Mitra, Sir Rameshchandra

Mitra, Sir Rameshchandra (1840-1899) lawyer and judge, was born in Rajarhat-Bishnupur village in the 24-Paraganas, West Bengal. His father was Ramchandra Mitra, a high official in the Sadar Diwani Adalat. Rameshchadra Mitra studied at Hare School in Kolkata and won scholarships in both junior and senior scholarship examinations. After passing BA from presidency college, he obtained his BL degree in 1861.

Rameshchandra started practising law at the Sadar Diwani Adalat. After it was amalgamated with Calcutta High Court in 1862, he served as a judge from 1871 to 1890. He was the first Bengali judge to become chief justice of Calcutta High Court twice, first in 1882 and then in 1886. For some time he also worked at the Hay's Law Report as a reporter.

Rameshchandra became a member of the Public Service Commission in 1887 and nominated a member of the Indian Legislative Council in 1891. He also became a member of the Jury Commission in 1893. He opposed the Elliott Notification, which aimed to disable the jury system. He was a fellow of calcutta university, president of the law faculty of the university, and for some time vice-president of the indian association for Cultivation of Science. He was also associated with the british indian association. The British government knighted him in 1890. After his retirement in 1890 he joined the indian national congress.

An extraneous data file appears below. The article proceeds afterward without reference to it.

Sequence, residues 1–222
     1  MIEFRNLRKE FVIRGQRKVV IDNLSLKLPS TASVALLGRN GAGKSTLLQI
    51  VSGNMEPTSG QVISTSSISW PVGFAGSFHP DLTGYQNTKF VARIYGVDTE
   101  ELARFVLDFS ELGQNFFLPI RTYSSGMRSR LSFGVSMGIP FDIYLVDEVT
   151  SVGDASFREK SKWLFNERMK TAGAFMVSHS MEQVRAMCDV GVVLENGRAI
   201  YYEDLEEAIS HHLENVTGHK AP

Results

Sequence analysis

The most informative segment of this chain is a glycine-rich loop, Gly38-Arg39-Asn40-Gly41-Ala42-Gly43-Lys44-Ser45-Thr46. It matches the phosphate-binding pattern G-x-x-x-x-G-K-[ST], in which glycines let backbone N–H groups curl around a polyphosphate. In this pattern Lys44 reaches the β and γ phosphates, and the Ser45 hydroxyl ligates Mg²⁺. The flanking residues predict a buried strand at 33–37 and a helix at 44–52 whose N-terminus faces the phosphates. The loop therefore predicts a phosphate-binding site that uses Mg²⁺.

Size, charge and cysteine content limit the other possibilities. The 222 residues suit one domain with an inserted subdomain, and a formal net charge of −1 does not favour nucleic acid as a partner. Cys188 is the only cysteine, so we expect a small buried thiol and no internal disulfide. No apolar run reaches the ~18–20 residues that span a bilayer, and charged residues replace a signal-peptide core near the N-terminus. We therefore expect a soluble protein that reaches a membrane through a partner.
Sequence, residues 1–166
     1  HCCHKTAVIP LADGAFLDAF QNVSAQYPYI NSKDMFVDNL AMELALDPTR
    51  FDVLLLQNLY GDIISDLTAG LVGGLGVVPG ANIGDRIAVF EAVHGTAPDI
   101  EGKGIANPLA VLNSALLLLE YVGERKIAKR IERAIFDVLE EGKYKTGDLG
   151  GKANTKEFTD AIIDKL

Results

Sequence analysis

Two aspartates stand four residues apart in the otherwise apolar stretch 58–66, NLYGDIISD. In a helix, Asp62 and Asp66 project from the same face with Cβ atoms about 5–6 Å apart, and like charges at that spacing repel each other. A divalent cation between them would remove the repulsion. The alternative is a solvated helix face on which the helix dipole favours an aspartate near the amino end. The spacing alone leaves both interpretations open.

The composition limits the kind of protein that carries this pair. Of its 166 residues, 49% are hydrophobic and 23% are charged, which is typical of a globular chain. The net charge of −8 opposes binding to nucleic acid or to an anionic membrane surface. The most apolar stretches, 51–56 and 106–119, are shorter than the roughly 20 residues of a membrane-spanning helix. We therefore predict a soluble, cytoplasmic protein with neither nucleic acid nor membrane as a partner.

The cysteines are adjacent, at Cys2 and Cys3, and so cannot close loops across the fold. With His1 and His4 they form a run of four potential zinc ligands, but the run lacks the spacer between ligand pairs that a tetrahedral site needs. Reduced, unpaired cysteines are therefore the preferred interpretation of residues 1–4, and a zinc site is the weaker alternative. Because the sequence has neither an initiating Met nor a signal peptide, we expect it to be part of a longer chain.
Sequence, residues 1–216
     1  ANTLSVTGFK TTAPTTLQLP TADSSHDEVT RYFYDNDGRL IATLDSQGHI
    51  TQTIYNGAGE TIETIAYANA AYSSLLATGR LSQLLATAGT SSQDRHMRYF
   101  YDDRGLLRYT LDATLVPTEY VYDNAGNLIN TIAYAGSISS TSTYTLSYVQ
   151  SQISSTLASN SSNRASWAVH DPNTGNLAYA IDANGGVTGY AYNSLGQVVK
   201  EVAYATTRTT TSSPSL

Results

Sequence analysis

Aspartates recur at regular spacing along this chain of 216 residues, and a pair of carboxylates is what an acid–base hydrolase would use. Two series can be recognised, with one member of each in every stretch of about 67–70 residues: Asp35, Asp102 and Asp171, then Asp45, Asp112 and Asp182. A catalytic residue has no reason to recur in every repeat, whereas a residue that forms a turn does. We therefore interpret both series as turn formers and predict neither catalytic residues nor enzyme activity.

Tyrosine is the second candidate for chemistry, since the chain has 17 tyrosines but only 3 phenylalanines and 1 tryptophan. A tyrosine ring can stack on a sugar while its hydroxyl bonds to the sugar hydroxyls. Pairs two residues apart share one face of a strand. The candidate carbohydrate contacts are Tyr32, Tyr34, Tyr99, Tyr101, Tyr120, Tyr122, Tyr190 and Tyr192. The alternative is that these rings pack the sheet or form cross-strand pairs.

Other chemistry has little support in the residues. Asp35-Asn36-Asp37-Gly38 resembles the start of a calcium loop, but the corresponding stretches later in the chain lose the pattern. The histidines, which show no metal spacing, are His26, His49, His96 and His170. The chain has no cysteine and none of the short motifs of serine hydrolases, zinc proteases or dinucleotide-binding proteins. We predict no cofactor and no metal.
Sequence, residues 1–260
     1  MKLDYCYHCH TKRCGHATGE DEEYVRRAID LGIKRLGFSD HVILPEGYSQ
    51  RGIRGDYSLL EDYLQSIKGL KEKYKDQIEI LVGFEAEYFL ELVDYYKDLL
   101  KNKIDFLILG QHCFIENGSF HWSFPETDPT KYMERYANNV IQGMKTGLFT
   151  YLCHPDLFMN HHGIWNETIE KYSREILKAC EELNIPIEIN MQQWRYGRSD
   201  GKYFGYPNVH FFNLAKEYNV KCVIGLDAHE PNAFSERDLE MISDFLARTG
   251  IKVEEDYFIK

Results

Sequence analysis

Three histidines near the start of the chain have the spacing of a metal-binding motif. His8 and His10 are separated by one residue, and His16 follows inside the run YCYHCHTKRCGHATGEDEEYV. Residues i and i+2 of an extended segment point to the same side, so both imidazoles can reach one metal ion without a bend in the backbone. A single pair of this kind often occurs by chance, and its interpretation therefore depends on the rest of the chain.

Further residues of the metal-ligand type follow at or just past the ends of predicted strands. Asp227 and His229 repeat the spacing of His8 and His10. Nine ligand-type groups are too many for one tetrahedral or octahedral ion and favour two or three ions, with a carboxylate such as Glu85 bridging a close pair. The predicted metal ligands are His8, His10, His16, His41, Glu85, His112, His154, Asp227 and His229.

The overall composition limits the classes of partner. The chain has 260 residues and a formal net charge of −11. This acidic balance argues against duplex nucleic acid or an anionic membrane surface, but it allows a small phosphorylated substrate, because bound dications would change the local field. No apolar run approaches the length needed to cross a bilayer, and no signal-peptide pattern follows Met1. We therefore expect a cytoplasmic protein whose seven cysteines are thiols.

Rameshchandra was an activist in promoting education in India. In 1890 he saved Ripon College from closure. He gave financial support to Metropolitan Institution. He played an important role in establishing educational institutions such as, Deaf and Dumb School, Bhowanipore Suburban School and Bhowanipore Girls' School. To promote teaching of Sanskrit, he established the Bhagabat Chatuspathi at Bhowanipore. He also helped maintain a charitable dispensary and the two schools founded by him in his native village. He provided a monthly allowance to hemchandra banerjee.

In a contempt of court case filed against surendranath banerjea (1883), he delivered a judgment opposing the arguments of the English judges. Rameshchandra was a strong nationalist and supported the Ilbert Bill, which proposed to make Indians and Europeans equal in the eyes of law. He suggested that the ICS examination be held in India and England simultaneously. Rameshchandra passed away on 13 July 1899. [Sambaru Chandra Mohanta]